Sunday, March 13, 2011

The Holiday of Purim

Amidst such devastation going in Japan right now, it is fitting to bring a little light into your day. I want to introduce to you the holiday of Purim, which is to take place on the 15th day of Adar (or, on the traditional Gregorian calendar, March 20 of this year). In fact, I believe that the Jewish holiday of Purim could not happen at a more opportune time, given that the holiday's message is to rejoice in the light of hope at the end of a dark and depressing tunnel. Purim is the happiest of all Jewish holidays and having fun is not only permitted, but it is commanded.

   


The story of Purim goes a little something like this....thousands of years ago, back when King Ahashverosh was the ruler of the Persian empire, he decided to have a great feast. Amidst this drunken feast, replete with jesters and wild celebrations, he requested that his wife Vashti present herself before the King and his officials in order to show off her beauty. She adamantly declined the order. In response to her blatant disobedience, the King decreed her death (a bit heavy a blow if you ask me...). 

Anyways...some time after the Queen's death, the King ordered his officials to put together a search to organize a harem of women (or a beauty contest if you will...) from which the King would select the most beautiful one to be his new bride. All the eligible maidens from the Kingdom were gathered and from them all, the King selected a young Jewish girl by the name of Esther to be his new bride. Esther's uncle, Mordecai, urged her to keep her Jewish identity a secret, which she did for many years.

Years later, the King appointed an evil man by the name of Haman to be his chief advisor. Allegedly, Haman was a wicked soul who expected everyone to bow down to him. There was one man, however, who refused to bow down to Haman's feet, and this person was Mordecai, Esther's uncle. Out of rage and anger, Haman threatened to have Mordecai killed, and not only him, but also the entirety of the Jewish people. Haman even went so far as to convince the King to carry through with his evil plan, and thus, lots were drawn in order to select the day of annihilation for the Jewish people. 


Mordecai sought Esther's counsel, and convinced her to present herself before the King (which risked a fatal decree) in order to reveal her secret Jewish identity and to plead with the King for redemption. For three days, Queen Esther fasted in preparation for what was to come. A huge banquet was then organized on the night of Esther's reveal, again replete with court jesters, wine, food and good times. Before a great crowd, Esther revealed her secret Jewish identity to the King and plead for forgiveness. The King's love for his Queen was so great that he agreed to reverse the fatal decree. Evil Haman was removed from office and was replaced with his enemy, Mordecai. Queen Esther is considered a great heroine in Jewish literature and is thought of as having saved and redeemed the Jewish people.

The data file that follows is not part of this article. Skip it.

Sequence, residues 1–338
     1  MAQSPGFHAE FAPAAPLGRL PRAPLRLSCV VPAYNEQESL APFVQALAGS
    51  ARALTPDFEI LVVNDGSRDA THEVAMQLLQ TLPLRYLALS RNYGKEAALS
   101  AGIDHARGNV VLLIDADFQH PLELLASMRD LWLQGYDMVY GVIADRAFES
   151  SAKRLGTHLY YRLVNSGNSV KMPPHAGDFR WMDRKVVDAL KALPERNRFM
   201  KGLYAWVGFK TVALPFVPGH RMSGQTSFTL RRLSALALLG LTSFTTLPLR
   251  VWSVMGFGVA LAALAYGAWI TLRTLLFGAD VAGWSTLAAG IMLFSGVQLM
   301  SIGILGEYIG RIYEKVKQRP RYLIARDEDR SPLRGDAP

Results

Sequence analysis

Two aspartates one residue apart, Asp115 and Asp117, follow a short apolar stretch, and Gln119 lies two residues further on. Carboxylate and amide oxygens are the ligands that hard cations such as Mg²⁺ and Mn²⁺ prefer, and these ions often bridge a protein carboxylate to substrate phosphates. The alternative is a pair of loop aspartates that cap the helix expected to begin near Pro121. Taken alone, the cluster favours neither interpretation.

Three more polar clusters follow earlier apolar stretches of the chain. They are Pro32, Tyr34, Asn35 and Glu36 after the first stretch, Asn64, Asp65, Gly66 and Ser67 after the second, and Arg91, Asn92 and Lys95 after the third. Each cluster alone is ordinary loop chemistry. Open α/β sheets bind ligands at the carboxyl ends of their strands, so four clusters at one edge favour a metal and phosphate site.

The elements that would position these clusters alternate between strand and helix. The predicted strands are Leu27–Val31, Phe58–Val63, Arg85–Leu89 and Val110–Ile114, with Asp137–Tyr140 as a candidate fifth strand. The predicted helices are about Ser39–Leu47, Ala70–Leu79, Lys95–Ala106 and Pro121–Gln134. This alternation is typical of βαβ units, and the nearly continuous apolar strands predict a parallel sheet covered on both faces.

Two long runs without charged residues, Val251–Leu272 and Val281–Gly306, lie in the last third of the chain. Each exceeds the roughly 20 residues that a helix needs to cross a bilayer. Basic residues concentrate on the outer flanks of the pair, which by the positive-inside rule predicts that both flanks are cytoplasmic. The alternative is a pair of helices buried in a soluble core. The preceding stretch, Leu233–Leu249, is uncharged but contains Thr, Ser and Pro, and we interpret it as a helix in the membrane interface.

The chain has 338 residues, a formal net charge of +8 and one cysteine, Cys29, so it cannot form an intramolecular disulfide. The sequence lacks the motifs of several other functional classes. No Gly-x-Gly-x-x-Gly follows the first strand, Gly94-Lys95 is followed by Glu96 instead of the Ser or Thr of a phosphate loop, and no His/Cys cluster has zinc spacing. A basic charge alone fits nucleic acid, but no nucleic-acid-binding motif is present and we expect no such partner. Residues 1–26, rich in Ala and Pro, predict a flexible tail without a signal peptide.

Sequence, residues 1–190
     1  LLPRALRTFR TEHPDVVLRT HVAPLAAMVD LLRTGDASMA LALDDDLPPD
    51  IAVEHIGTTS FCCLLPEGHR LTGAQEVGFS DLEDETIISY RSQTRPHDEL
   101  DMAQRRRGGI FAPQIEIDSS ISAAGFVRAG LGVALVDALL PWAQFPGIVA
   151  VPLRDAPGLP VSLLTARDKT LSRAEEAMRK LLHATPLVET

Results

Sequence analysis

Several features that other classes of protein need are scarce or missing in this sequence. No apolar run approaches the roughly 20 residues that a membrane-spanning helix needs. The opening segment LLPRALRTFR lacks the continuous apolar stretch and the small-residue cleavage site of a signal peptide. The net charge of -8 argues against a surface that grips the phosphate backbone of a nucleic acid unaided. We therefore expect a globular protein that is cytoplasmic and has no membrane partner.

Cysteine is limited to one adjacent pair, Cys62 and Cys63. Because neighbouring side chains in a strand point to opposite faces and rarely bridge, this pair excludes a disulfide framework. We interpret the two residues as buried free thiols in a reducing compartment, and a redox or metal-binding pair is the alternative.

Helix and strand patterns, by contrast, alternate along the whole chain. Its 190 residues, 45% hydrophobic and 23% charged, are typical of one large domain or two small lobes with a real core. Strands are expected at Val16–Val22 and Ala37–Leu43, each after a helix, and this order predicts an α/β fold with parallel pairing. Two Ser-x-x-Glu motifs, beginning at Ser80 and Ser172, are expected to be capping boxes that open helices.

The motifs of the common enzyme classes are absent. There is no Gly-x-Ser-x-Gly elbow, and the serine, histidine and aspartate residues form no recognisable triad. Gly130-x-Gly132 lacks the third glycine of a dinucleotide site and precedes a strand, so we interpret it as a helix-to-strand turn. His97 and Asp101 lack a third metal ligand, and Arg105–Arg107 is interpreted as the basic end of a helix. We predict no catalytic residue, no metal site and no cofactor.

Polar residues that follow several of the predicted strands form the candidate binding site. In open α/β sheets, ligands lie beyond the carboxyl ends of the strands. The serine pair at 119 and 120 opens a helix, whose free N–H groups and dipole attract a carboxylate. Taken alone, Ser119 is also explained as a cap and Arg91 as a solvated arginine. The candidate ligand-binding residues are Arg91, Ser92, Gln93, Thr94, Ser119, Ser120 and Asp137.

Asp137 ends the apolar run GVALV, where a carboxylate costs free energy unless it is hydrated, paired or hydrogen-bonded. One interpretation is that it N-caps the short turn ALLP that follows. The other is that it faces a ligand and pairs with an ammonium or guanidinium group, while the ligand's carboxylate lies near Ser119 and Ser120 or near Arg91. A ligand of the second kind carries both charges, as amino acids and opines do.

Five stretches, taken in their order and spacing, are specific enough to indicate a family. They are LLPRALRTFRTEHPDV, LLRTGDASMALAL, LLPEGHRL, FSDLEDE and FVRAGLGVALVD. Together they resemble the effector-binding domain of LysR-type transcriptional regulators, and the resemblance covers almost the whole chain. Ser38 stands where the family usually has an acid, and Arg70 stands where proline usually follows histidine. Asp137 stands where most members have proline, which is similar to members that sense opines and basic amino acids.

Since ancient times, the festive holiday of Purim has been celebrated as its traditions continue to be passed down from generation to generation. Currently, the festivities can be seen all through the streets of Israel and the traditional songs can be heard in every classroom and home. Traditional gift baskets, called mishloah maanot are sent out to all family and friends on the holiday.


              


It is typical to wear costumes on Purim in honor of the big banquet that took place on the night of Esther's reveal. Thus, all over the city you will see endless seas of costumes being sold, just like Halloween back in the states. Not a single soul will be costume free come Purim day. Additionally, because it's a regal story, you will see regal paraphernalia decorating the city, including masks, tiaras, crowns, jester hats, clowns and scepters.


In every bakery, you will find the typical holiday treat, which is called a "hamantaschen", or a triangular shaped jelly-filled cookie (my favorite are the chocolate-filled) which are meant to symbolize evil Haman's three-pronged hat. 


Arguably, the funnest part of the holiday is the commandment that we drink until the point that we cannot tell the different between "blessed is Mordecai" and "cursed is Haman".  Along with such drunkenness comes the decree that we engorge ourselves with sweets and feasts with family and friends. 

                              
  
           
Finally, the story of Purim is recounted annually by reading The Megillah, the scroll depicting Purim's historic tale. During the reading, people (dressed up as the characters of course) will reenact the story. Especially typical is the custom of holding noisemakers which are used ad oblivion every time Haman's name is mentioned. I have always loved hearing the story of Purim since I was named after its heroine, Esther. My great-grandmother from Poland was also named Esther, and my parents chose this name as my Hebrew name (for those of you who are curious, my Hebrew name is Esther Rivka, which is where I get the "E" for Erin and the "R" for Rachelle).
             

I particularly love this holiday not only because it is a high-spirited one, but also, because of its message. It reminds us to keep faith in even the most dire of times. As a token of appreciation for what we have, it is a customary tradition of Purim to give to charity. And so, I hope that each and every one of us will find it in our hearts to give at this time of year - and I can think of nowhere more fitting that to the devastated regions of Japan.

         

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